Winning Image details. The imaging camera was a ZWO ASI294MC Pro and the capture software used was Sharpcap version 3.2.6477.0. The file was 16-bit RAW video in SER format with a frame count of 5032 at an average of 24.8 frames per second. Gain was set at 183 and exposure 0.003183. Camera temperature was at – 10 and capture area was 1024×768. The time stamp shows 3 min 22 seconds of unguided capture with the iOptron CEM60 guiding rate set at Luna. The resulting SER file was then de-bayered and stacked in AutoStakkert 3 using 20% of the frames. The resultant TIFF File had brightness, contrast and 2 layers adjusted in Registax 6 then finished and saved as JPEG using basic Photoshop principles. Nothing difficult to do, the detail was in the original capture.



Q7: Where do you normally take astrophotos, from your backyard or somewhere remoter but darker?

All my imaging is and has been for several years taken from my own property. About the same as everybody I started by setting up every night and re-aligning when I wanted to take an image. I drilled receptors into the concrete to take the tripod feet so that I would have the basis every time for reasonable alignment to the pole but the continual setup, take down and storage of equipment proved tiresome. The access to a dark site within my area is almost an impossibility with the odd trip to a darker site out of the question during Holiday periods. So, having a reasonably dark garden area I installed a roll off roof observatory which was and still is a total game changer. All my imaging is taken from there. I also in my home office a dedicated photographic printing setup. To complete the whole process from planning the shot through to printing the result is total satisfaction.

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Q8: Are you also a fan of lucky imaging?

I am certainly a Fan of high frame rate imaging for Luna and Planetary targets as that is how I normally work on “ALL” my Solar System captures apart from Luna Mosaics where I normally shoot at around 2 frames a second minimum 200 frames seems to do the trick then merge in Photoshop.


Q9: In your view, what can be the most important and difficult parts of planetary imaging?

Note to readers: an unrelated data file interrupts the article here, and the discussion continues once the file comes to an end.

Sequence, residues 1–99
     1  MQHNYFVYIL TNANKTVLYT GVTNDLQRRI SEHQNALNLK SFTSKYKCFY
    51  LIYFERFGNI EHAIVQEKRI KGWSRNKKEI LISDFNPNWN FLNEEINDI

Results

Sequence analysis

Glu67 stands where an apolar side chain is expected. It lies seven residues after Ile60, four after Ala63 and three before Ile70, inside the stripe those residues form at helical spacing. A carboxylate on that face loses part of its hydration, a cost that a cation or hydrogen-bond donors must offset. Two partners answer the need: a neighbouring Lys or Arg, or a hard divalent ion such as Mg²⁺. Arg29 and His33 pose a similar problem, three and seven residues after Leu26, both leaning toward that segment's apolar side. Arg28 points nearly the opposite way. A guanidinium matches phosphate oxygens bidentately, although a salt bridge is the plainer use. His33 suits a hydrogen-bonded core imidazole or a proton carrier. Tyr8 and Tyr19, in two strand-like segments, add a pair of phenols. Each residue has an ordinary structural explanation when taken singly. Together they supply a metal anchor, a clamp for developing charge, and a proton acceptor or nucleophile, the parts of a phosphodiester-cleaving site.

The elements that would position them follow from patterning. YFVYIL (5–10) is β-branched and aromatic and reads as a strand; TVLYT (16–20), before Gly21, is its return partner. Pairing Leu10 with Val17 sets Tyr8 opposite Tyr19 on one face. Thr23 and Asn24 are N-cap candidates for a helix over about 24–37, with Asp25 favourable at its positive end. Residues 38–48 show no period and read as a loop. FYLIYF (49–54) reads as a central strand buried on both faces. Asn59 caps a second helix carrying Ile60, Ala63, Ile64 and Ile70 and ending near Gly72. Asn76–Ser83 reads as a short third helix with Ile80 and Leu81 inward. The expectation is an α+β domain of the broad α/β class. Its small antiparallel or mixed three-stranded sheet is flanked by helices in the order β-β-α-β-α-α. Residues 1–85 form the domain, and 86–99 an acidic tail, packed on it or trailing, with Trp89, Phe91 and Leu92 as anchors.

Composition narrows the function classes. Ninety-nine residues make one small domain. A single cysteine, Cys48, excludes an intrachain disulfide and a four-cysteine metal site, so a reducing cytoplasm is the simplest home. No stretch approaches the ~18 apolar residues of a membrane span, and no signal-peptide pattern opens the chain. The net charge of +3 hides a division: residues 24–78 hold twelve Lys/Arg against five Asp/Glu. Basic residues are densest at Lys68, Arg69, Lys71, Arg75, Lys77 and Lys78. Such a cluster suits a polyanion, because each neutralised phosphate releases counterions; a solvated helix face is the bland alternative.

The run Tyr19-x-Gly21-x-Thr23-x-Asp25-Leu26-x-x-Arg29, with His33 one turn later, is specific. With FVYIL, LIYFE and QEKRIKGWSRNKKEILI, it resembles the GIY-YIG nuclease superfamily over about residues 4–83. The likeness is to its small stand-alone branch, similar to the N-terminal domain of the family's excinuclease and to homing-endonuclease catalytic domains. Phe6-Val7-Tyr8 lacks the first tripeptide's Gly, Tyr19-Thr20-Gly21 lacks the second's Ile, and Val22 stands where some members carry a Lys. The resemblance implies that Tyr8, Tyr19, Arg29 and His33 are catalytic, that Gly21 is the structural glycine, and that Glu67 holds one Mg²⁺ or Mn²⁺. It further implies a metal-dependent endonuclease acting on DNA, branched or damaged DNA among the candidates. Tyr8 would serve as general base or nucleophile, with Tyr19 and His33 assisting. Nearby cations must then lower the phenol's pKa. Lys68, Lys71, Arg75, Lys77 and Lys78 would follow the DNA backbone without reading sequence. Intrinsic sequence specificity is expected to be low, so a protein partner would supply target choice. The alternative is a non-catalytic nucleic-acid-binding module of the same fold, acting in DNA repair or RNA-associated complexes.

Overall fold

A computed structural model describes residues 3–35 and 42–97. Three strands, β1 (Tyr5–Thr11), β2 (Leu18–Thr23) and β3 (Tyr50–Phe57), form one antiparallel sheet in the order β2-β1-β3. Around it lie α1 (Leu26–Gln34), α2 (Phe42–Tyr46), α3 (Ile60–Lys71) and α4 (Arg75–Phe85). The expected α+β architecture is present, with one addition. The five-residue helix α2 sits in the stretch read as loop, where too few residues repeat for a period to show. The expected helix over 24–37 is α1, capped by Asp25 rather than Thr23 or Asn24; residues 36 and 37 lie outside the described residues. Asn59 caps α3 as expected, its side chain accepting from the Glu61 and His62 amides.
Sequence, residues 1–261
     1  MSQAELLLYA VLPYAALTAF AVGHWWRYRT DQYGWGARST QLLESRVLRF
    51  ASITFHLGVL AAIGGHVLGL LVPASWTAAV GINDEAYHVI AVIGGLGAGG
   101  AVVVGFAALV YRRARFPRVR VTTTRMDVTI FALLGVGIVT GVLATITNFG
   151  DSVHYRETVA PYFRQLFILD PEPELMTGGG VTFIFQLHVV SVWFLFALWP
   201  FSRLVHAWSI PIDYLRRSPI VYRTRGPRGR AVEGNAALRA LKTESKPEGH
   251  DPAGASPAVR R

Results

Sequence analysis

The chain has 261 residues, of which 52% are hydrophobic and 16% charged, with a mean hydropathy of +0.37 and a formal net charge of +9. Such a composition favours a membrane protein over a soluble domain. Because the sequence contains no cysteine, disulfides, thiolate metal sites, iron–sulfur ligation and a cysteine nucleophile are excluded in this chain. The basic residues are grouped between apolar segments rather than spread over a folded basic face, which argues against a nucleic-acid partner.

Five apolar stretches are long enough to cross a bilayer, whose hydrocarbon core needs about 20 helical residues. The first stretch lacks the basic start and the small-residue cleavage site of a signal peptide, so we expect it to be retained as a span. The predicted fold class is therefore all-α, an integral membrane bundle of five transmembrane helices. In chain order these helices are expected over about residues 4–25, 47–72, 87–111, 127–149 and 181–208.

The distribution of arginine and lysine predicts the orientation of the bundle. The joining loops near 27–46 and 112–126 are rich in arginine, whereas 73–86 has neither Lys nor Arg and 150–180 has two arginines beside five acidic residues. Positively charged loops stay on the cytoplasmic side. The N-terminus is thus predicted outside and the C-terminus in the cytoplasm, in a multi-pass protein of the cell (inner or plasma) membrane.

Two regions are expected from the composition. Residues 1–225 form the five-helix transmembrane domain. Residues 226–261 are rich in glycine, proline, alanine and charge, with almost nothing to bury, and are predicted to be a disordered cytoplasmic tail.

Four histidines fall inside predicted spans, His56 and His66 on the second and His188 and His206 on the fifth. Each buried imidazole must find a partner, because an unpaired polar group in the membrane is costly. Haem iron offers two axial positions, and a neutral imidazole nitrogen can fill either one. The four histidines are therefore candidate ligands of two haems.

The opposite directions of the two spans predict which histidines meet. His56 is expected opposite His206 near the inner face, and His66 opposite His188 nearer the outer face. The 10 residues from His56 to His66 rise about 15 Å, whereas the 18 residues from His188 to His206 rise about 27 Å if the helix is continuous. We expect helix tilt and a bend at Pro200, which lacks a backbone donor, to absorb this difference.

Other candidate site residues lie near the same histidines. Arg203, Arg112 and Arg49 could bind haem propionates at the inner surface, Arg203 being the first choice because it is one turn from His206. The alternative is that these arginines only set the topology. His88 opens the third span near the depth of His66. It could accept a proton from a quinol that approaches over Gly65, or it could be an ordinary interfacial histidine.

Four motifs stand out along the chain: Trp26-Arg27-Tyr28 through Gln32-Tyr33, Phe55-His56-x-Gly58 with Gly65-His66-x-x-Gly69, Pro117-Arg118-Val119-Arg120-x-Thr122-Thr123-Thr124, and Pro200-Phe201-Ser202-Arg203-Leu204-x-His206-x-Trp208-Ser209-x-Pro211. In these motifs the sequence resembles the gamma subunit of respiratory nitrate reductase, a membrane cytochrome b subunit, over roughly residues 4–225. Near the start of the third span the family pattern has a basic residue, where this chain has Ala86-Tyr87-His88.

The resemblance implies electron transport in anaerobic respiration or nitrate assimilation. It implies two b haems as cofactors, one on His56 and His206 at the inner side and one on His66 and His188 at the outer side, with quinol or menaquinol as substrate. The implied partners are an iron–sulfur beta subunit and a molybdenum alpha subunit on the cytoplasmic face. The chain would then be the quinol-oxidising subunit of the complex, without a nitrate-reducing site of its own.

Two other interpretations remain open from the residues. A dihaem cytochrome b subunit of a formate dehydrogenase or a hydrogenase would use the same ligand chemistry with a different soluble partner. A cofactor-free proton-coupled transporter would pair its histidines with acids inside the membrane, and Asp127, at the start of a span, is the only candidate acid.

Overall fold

The most important parts of Planetary imaging that we are in control of really are basic. Good focus, without which you may as well pack up. Choosing a filter to suit your environment and what you want from your target helps. The ability to take extremely high frame rate video images of Planets is a must in my opinion. The most difficult thing is completely out of your control “seeing”.

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Q10: How do you think astrophotography will evolve in the future?

Difficult to say objectively. When I look at the images that were taken professionally with high end imaging equipment 30 years ago and what I and my fellow Astro-photographer’s now achieve on an everyday basis the difference is astonishing, but where exactly we are going to go now, I have no idea.



Q11: What is your first ASI camera and why did you buy it?

ASI290MC. I had the requirement to use a good guide camera with the ability to take under the right circumstance’s quality images. I was at that time using extensively DSLR’s at prime focus for a large amount of imaging.


Q12: Which ASI module is your favorite? Can you tell us the reason?

I have no particular favourite however; I am interested in the ASI2600MC Pro. It has a slightly better frame rate than my current setup.


Q13: One last question: What feedback or suggestions do you have for ZWO? 

An improvement in the ASI software studio package would be great as in its current form I rarely use it. Also, an improved degree of reliability from the EAF Focuser would be nice. The one I have the optional hand controller only worked on day 1 for a short time, after that nothing. I will add that it has not caused me a problem, so a complaint was never lodged, but it is a reliability issue that needs addressing. It is a shame because the cameras are so good and can be let down by peripheral equipment.

Notes: All the Luna Images have been taken using ASI294/ASI290 Cameras using SER Video capture. The exception is image 2020-05-28 which was DSLR captures using an RC 203MM scope. The 2 deep space captures were using an ASI294 with Sharpcap pro.